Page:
Tuesday, February 21, 2012

New Zealand: Petrels and Shearwaters

The albatrosses at Kaikoura are the star bird attractions, but the petrels and shearwaters can be just as fascinating.  Here's one of each, going at the chum bag on my Albatross Encounters pelagic: a Cape Petrel (Daption capense) and a Flesh-footed Shearwater (Puffinus carneipes).

Buy far the largest of the lot are the giant petrels, also known as stinkers (they are scavengers, and will gladly dine on sewage).  There are to species, best distinguished by the colour of the bill tip.  

At Kaikoura we saw only Northern Giant Petrels (Macronectes halli), with a reddish tip to the bill (the Southern Giant Petrel (M. giganteus), which can be numerous here at times, has a greenish bill-tip).  Immatures are much darker and plainer than adults.  Though quite a bit smaller than albatrosses, they are still formidable birds.

In flight they appear much stockier than albatrosses, and seem to have to work quite hard to get off the water.

Giant Petrels can be extremely aggressive....

...and at close range, they look it (perhaps it's the white irides).

The Cape Petrel is a much gentler-looking bird (it is often called the Cape Pigeon, and it does have a soft, rather dove-like look)...

...not that this is any guide to its personality - it can squabble with the best of them, and is very noisy.  The famous pioneer seabird ornithologist Robert Cushman Murphy noted that the Cape Petrel "seems to dislike to see another eating as much as it enjoys the process itself"!

Their motley charcoal-and-white plumage makes Cape Petrels easy to identify - more than you can say for most of their relatives!  Note the breadth of the bill in the upper photograph.

Their pattern - responsible for another of their names, "pintado" - is most attractive in flight.  These are very pretty, if voracious, little birds.

Identifying petrels of the genus Procellaria is complicated by the fact that New Zealand has three species with practically identical plumage - all, or mostly all, deep brownish grey to black.  Fortunately I had only two of them to worry about at Kaikoura.  This is the first: the White-chinned Petrel (P. aequinoctialis).

Yes, it does have a little dab of white under the bill (usually), but that's a pretty risky field mark.

A better clue to the White-chinned's identity is the pale tip to the bill.  Of course, having the birds at close range helps!

The White-chinned Petrel is a wide-ranging bird; I had seen it before in South Africa, where it is both common and the only black Procellaria around, and off Peru.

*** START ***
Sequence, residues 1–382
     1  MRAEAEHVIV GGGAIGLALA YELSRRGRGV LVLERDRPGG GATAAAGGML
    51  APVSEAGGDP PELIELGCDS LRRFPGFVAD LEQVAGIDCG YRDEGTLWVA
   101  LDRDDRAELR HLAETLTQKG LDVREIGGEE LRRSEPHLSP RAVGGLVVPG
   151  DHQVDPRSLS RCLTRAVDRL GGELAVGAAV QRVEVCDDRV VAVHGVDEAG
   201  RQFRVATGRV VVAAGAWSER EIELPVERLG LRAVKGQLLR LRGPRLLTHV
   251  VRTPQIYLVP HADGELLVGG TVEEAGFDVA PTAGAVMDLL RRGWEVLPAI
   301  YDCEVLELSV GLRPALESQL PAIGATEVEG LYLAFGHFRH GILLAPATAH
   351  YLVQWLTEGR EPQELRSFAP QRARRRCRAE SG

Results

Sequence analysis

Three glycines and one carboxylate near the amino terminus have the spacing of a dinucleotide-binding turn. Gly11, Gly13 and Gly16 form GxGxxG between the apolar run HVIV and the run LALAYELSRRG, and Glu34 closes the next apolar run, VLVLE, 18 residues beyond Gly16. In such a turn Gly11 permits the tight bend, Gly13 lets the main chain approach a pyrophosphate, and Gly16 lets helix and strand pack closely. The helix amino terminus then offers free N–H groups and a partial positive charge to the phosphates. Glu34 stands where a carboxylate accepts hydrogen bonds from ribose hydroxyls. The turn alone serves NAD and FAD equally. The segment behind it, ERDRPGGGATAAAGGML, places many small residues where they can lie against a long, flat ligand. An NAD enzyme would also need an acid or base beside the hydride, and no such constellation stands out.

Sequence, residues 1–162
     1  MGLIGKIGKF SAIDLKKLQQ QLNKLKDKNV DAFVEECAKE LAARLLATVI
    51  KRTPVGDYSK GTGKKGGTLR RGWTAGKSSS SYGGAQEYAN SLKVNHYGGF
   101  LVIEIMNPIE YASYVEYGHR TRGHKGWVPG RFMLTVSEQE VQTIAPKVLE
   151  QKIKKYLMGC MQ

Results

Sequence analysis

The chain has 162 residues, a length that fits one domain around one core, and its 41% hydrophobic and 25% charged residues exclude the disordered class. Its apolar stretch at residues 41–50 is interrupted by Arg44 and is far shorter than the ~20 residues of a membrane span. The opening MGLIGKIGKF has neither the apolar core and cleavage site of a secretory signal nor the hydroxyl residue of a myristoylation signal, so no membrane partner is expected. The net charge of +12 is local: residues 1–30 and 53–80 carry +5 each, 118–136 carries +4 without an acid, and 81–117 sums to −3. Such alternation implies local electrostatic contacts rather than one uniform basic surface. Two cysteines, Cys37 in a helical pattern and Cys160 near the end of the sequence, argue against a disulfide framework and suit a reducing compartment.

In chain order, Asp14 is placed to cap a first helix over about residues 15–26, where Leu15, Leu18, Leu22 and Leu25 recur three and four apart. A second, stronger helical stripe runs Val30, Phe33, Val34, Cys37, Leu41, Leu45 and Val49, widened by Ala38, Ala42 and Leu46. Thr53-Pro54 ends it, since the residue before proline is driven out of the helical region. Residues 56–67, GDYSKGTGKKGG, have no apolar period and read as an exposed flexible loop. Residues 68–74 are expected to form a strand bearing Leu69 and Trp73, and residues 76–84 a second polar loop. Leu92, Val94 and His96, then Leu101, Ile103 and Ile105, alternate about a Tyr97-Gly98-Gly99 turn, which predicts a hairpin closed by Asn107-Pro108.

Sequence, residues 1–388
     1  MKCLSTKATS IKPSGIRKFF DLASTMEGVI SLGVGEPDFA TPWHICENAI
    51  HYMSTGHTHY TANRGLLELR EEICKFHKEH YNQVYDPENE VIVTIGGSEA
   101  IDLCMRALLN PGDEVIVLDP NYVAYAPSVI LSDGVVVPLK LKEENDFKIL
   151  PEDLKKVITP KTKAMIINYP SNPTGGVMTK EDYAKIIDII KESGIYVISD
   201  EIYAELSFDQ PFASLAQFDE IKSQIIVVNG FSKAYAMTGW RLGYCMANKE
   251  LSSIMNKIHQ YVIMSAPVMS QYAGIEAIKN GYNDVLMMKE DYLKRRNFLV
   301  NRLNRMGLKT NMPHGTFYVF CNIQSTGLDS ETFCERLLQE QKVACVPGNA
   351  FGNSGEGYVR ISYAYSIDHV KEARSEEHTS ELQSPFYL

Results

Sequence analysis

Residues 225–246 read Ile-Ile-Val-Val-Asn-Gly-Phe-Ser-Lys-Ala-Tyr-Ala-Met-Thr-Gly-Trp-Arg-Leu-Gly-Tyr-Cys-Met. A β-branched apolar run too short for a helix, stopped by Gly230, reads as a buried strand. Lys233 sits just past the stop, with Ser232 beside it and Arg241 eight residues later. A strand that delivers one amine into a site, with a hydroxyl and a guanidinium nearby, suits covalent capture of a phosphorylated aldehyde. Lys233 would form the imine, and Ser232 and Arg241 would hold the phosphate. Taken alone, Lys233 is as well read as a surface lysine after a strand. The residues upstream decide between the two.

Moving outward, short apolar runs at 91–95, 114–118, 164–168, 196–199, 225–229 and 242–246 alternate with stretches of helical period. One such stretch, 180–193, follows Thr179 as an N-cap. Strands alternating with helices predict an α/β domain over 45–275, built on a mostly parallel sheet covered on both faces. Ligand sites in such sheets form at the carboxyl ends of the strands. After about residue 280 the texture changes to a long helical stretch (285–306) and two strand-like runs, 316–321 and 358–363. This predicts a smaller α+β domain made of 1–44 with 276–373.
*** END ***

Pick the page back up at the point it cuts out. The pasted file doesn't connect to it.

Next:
The other Kaikoura species, the Westland Petrel (Procellaria westlandica), is much more of a local specialty, breeding only near Punakaiki on the west coast of the South Island (though at sea it ranges to Australia across the Pacific to South America).  Its population is much smaller, an estimated 20,000 birds compared to seven million!

It strikes me as a bit on the chunky side, but the best identifying mark is the black, rather than yellowish-horn, tip to the bill.

Barring an extremely poor and doubtful glimpse off Peru in 2006, it was a life bird for me, and one I was particularly happy to see so well.

The Westland Petrel was once considered to be at serious risk,and is still a matter of conservation concern though its numbers have increased.  Introduced predators threaten on its breeding grounds, and tuna longliners catch them at sea (a problem facing many seabirds in the souhern oceans).

Just to complicate matters, we had a third all-blackish-brown species at Kaikoura: the Flesh-footed Shearwater (Puffinus carneipes).  It is a slimmer bird than the Procellaria petrels, with a thin, largely pinkish-flesh (rather than yellowish-horn) bill.

Of course if you can see the flesh-pink feet, identification is no problem at all.

 Of the three species of shearwater we saw off Kaikoura the most attractive is surely Buller's Shearwater (Puffinus bulleri) (the third species, Hutton's Shearwater (P. huttoni), is not attracted to chum, and I had to be content with views of them flying past in the distance).

The crisp white underparts and blackish "W" pattern on the upperside of the wings are the key field marks.

Though it has a population of some 2.5 milion birds, Buller's has a very restricted breeding distribution at the northern and southern ends of New Zealand.  It migrates widely across the Pacific - I once had a distant glimpse of one from the California coast.

Buller's Shearwater is not a large bird (as this comparison with a Kelp Gull (Larus dominicanus) shows), but it is a most attractive one.  Like all the birds I saw off Kaikoura, it was exciting for a northern-hemisphere inland-dweller to see.

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